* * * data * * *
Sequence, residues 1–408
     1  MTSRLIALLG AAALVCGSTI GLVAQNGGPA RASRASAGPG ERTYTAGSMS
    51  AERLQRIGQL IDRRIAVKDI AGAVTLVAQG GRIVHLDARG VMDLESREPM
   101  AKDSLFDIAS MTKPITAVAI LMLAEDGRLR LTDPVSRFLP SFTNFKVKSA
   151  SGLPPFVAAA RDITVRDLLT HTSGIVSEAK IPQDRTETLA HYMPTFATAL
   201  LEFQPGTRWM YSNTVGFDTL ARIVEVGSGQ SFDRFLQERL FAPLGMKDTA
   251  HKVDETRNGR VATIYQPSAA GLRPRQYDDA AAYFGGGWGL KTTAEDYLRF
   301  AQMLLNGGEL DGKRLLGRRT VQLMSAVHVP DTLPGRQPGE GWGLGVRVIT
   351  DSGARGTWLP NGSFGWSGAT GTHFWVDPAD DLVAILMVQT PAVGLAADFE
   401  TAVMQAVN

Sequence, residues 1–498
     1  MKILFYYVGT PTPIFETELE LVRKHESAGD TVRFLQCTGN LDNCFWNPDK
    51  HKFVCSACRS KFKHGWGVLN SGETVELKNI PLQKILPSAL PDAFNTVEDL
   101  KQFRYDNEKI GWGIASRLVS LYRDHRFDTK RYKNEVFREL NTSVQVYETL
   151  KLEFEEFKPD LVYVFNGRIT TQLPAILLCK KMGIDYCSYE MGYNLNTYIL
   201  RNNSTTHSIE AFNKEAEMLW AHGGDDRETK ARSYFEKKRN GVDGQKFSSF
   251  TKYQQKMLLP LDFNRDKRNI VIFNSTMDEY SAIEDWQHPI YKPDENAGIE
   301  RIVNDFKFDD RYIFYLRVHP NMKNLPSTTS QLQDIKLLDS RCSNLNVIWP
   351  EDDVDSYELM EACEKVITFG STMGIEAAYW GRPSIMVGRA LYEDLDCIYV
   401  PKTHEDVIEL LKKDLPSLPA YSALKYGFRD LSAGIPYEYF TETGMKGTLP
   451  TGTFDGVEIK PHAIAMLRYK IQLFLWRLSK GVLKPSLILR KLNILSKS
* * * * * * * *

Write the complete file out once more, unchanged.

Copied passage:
Sequence, residues 1–408
     1  MTSRLIALLG AAALVCGSTI GLVAQNGGPA RASRASAGPG ERTYTAGSMS
    51  AERLQRIGQL IDRRIAVKDI AGAVTLVAQG GRIVHLDARG VMDLESREPM
   101  AKDSLFDIAS MTKPITAVAI LMLAEDGRLR LTDPVSRFLP SFTNFKVKSA
   151  SGLPPFVAAA RDITVRDLLT HTSGIVSEAK IPQDRTETLA HYMPTFATAL
   201  LEFQPGTRWM YSNTVGFDTL ARIVEVGSGQ SFDRFLQERL FAPLGMKDTA
   251  HKVDETRNGR VATIYQPSAA GLRPRQYDDA AAYFGGGWGL KTTAEDYLRF
   301  AQMLLNGGEL DGKRLLGRRT VQLMSAVHVP DTLPGRQPGE GWGLGVRVIT
   351  DSGARGTWLP NGSFGWSGAT GTHFWVDPAD DLVAILMVQT PAVGLAADFE
   401  TAVMQAVN

Sequence, residues 1–498
     1  MKILFYYVGT PTPIFETELE LVRKHESAGD TVRFLQCTGN LDNCFWNPDK
    51  HKFVCSACRS KFKHGWGVLN SGETVELKNI PLQKILPSAL PDAFNTVEDL
   101  KQFRYDNEKI GWGIASRLVS LYRDHRFDTK RYKNEVFREL NTSVQVYETL
   151  KLEFEEFKPD LVYVFNGRIT TQLPAILLCK KMGIDYCSYE MGYNLNTYIL
   201  RNNSTTHSIE AFNKEAEMLW AHGGDDRETK ARSYFEKKRN GVDGQKFSSF
   251  TKYQQKMLLP LDFNRDKRNI VIFNSTMDEY SAIEDWQHPI YKPDENAGIE
   301  RIVNDFKFDD RYIFYLRVHP NMKNLPSTTS QLQDIKLLDS RCSNLNVIWP
   351  EDDVDSYELM EACEKVITFG STMGIEAAYW GRPSIMVGRA LYEDLDCIYV
   401  PKTHEDVIEL LKKDLPSLPA YSALKYGFRD LSAGIPYEYF TETGMKGTLP
   451  TGTFDGVEIK PHAIAMLRYK IQLFLWRLSK GVLKPSLILR KLNILSKS